If I have learned anything that has helped me navigate this far, I’d have to say what has helped me are:

  1. Practicing Mindfulness through Reiki and meditation.
  2. Watching something comedic as often as possible
  3. Making space for and reaching out to friends, family and community several times each week
  4. Engaging in some creative/artistic pursuit several times a week
  5. Exercising in some fashion every day
  6. Taking Naps
  7. Eating a little chocolate every day
  8. Getting a pedicure (with a mask and face shield on), shutting off the phone and zoning out in the massage chair
  9. Look at something else besides the news when I first wake up
  10. Practice the safety protocols as recommended

What will you be doing as the weather turns colder?

Copyright 2020 Eileen Dey Wurst

Reiki at the Zoo

e39911ce473e98622e68861405da7615Animals, whether wild or domestic, are instinctual, intuitive and quite sensitive to the healing energy of Reiki.  This was extremely apparent on a recent trip I took to the zoo.  I recommend such a ‘field trip’ to any Reiki practitioner to further their awareness and connection, both to their practice and as an offering to the majestic creatures that live amongst us.

My recommendation is wearing a jacket or sweatshirt that has pockets on both sides you can put your hands into and direct energy outward.  Not that you couldn’t project Reiki with your hands open, but if you do, remember, you will be as much of a spectacle as the other exhibits there.  I call this form of practice ‘incognito Reiki’.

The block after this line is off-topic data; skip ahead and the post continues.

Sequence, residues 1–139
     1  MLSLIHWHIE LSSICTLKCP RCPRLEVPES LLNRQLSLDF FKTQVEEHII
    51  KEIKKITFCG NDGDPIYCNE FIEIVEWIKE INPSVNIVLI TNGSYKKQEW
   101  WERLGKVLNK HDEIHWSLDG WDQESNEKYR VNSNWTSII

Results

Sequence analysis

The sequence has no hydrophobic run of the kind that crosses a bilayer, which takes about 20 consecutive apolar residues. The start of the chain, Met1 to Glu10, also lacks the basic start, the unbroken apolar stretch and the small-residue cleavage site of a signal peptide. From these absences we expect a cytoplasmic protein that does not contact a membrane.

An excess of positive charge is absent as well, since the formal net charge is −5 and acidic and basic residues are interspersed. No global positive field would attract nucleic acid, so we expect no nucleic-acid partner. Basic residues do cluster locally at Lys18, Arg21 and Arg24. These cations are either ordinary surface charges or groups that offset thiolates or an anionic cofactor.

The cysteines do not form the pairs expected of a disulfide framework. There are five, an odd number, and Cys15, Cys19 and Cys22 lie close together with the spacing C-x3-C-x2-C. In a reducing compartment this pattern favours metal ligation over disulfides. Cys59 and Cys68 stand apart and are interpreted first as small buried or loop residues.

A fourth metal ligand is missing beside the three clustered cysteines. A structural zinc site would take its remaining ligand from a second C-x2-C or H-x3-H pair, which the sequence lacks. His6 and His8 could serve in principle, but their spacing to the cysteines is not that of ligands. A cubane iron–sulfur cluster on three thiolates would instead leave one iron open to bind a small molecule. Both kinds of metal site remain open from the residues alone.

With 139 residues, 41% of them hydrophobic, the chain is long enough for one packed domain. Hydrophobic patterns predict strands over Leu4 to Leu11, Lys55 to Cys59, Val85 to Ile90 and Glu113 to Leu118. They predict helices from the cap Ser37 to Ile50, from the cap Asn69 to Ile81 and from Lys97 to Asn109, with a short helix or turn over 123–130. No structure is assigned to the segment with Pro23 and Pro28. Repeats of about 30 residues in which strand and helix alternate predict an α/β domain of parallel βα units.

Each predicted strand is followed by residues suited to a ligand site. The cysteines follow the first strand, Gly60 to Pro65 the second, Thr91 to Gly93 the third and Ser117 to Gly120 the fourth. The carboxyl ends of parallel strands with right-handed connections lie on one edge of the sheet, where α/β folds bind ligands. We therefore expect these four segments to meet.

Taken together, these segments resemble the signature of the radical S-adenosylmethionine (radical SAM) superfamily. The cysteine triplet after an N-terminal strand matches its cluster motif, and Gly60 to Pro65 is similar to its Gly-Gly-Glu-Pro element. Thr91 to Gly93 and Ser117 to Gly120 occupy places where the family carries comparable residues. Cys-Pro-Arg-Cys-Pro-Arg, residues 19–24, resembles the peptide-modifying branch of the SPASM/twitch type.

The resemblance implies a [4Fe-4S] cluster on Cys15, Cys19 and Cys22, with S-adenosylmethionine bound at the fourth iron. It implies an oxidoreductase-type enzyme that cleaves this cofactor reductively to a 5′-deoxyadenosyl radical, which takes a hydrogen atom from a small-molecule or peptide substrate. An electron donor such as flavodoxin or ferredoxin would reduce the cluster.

Then, find an exhibit that isn’t attracting a lot of attention.  Usually this would be one in which no apparent animal is ‘seen’.  They might be laying the grass or finding shelter behind a bush.  In my case, I found an exhibit on whooping cranes.  The tall grasses and pond layout was tranquil to look at, and I had the whole view to myself in the middle of busy day at the zoo.

As soon as I began connecting with Reiki flow the cranes made loud squawks from amidst their camouflage in the grasses.  It was stunning.  Then their curious heads peeked up at me, maybe 20 feet away.

I asked them in my mind if it was alright for them to receive Reiki, got a positive answer, and continued to send.  They both came out of the grass and into the open, a bit closer to me, watching.

Their sounds started to draw onlookers, but with my Reiki hands in my pockets, I just continued to send in a meditative mindset.  Then another curious side-effect occurred.

Onlookers started sitting near me, including children, that just moments before were yelling and screaming down the path.  They sat and stared at the the cranes, smiling toward me and they too started to calm down.  So, we all were having our own little Reiki circle in this pocket of the zoo!

After twenty minutes, I moved along to another exhibit, the path lead me into a bird aviary.  I began sending my Reiki incognito again.  Soon, many birds were landing near the bench I was seated on, and onlookers again, calmed down and took in the amazing colors and variety of life around us.

My last exhibit was to try a more popular one, that of the apes.  I initially stood off on the side, just sending Reiki out of my pockets and holding space for healing.  This was more challenging, because onlookers like to make comments, taunts and are fascinated looking into the ancestral face of apes.  I wasn’t attached at results, but what I did notice was that a meditative air started to infuse the exhibit after several minutes, one more of respect than the prior off-handed comments people had been making.

I think it’s a good reminder, to be respectful and mindful at the zoo.  To give back to these animals who’s lives are on display for us as the public to admire.  I highly recommend Reiki at the Zoo.

Copyright 2013 Eileen Dey